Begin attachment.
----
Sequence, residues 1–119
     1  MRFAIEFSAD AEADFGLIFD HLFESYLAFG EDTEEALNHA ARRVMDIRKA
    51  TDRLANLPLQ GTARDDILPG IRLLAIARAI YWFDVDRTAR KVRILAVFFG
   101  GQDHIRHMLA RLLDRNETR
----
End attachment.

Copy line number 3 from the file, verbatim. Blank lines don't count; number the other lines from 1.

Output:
    51  TDRLANLPLQ GTARDDILPG IRLLAIARAI YWFDVDRTAR KVRILAVFFG